Every companion has their period of thinking they can keep their TARDIS life and their normal life separate and it never works. Mainly because aliens and freaky things always end up happening in their normal life too. What never ceases to amaze (and ok, kind of irritate) me is when companions ignore obviously weird stuff in their normal life until it’s unavoidable at all, which usually coincides with people dying.
To her credit, Bill does have some reservations when a random old dude pops up from nowhere and offers to rent his massive house to her and her five new roommates. But then she sets those concerns aside and moves in anyway. Shireen, Harry, Pavel, Paul, and Felicity don’t think twice about signing the contract right away. And that very night, Pavel disappears.
The next day, the Doctor (like any good space dad/grandfather) helps Bill move. To save face in front of her new friends, she even calls him “grandfather.” Try as she might, she can’t get the Doctor to leave because he’s positive something strange is going on and of course he’s right. There’s no power, no reception, and the house creaks constantly. The Landlord is shady and appears out of nowhere. Oh and Bill and Shireen hear Paul screaming in his room and then he disappears too.
Realizing the doors and windows have sealed themselves so the occupants are effectively trapped, the claustrophobic Felicity panics. She wretches open a window and escapes outside but is then gobbled up by the grounds. The Doctor and Harry are left together while Bill and Shireen are paired up in another part of the house. They enter Pavel’s room and find him half eaten by the wall with his classical music record stuck on repeat. When the Landlord fixes it, Pavel is sucked completely into the wall and Bill and Shireen make a run for the tower. They find the secret entrance through a bookcase and in the tower meet the Landlord’s daughter… who is alive but entirely made of wood.
The culprits of all these events are revealed to be alien woodlice. The Doctor and Harry come face-to-face with the thousands of bugs and then run into the Landlord. They’d found evidence he rents the house to six young people every twenty years. The Landlord confesses this is necessary to keep his daughter, Eliza, alive via the lice. Freaked out, Harry makes a run for it and is eaten by the lice. The Doctor offers to look at Eliza.
Up in her room, everyone gathers for the Doctor’s “examination.” Sadly, right before he came in, Shireen was devoured by the bugs in front of Bill. The Doctor asks what happened to Eliza and the Landlord explains. She was ill, he found the bugs in the garden, brought them to her, and they were activated by her music box. Except Bill realizes the Landlord, despite being an old man, is only human. He can’t be Eliza’s father from decades ago. He’s actually her son.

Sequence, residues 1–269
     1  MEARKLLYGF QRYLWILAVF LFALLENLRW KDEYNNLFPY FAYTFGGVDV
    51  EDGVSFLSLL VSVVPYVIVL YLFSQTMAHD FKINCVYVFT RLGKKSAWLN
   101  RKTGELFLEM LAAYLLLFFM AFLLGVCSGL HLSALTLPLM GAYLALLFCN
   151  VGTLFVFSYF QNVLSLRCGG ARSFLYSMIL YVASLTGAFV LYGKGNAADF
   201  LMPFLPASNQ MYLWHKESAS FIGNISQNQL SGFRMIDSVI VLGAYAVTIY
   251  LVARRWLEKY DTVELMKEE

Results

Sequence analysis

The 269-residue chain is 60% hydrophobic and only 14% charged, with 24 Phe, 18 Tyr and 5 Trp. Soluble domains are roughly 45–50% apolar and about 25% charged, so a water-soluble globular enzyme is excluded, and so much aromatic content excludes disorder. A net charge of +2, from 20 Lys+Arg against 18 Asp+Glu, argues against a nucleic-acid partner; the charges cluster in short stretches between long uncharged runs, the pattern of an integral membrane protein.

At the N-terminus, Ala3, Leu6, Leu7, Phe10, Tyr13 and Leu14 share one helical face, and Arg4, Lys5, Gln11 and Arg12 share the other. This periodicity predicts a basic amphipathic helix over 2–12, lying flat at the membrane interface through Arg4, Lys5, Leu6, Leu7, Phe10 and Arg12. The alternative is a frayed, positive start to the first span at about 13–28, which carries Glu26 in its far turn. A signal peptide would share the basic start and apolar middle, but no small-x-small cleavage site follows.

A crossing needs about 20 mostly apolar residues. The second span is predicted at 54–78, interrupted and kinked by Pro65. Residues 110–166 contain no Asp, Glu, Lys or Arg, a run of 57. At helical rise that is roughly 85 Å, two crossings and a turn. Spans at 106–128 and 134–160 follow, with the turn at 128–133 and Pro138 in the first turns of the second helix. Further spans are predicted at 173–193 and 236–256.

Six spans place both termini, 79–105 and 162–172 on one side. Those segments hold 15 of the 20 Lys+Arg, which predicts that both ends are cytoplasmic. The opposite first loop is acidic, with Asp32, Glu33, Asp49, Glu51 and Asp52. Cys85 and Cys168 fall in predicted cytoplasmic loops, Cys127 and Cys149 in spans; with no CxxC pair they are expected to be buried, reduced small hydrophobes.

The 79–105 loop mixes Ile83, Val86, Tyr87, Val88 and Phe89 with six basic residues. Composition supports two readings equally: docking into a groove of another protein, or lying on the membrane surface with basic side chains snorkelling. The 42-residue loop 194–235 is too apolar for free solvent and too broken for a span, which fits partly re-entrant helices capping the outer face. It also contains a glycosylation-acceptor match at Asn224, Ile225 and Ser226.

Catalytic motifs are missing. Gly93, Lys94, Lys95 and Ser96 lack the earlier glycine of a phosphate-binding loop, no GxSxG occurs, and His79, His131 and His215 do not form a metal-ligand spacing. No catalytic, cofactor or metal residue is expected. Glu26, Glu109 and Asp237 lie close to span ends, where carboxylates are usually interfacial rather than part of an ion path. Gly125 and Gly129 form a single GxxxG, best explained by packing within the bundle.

The revelation activates the Landlord’s anger and he sends the lice towards the Doctor and Bill. But his mother understands she’s actually in charge of the bugs and calls them to her and her son. They both disappear and Bill’s friends are restored. Everyone rushes outside as the house collapses behind them. “Bang goes the deposit,” says Felicity.
His job done, the Doctor goes for his nightly shift in front of the vault. He’s even brought Mexican food. He sends Nardole away, who chides him for giving whoever is in the vault a piano. Speaking to that person, the Doctor offers some food and a story about young people being eaten by bugs to which they happily agree. He opens the vault door and enters, though we don’t see who is inside.
- Bill calling the Doctor “grandfather” was a lovely moment even if he felt more than a little insulted to be labeled so old. I have zero doubt Peter Capaldi felt delighted at the callback to the First Doctor. Like I said after the season premiere, Bill is definitely acting in the part of Susan, the Doctor’s granddaughter.
- In this day and age what group of twenty or thirtysomethings think that a random old dude offering them an amazing, slightly creepy house to rent isn’t cause for concern?
- Scariest Doctor Who episode ever. Flat out.
- I’m still sticking with John Simm’s Master being in the vault. But I’m seeing some theories that it might be Jenny, the Doctor’s daughter. While I’d be thrilled to have her back on the show, I don’t think she’s the type to play a jaunty tune on the piano at the mention of a story involving the death of young people.
- One thing I am starting to think? Despite his dislike for their “captive,” Nardole might end up as that person’s co-conspirator or unwilling accomplice. I’m not overly convinced he’s got a very strong mind or wouldn’t go against the Doctor if he thought it was for the Time Lord’s own good.
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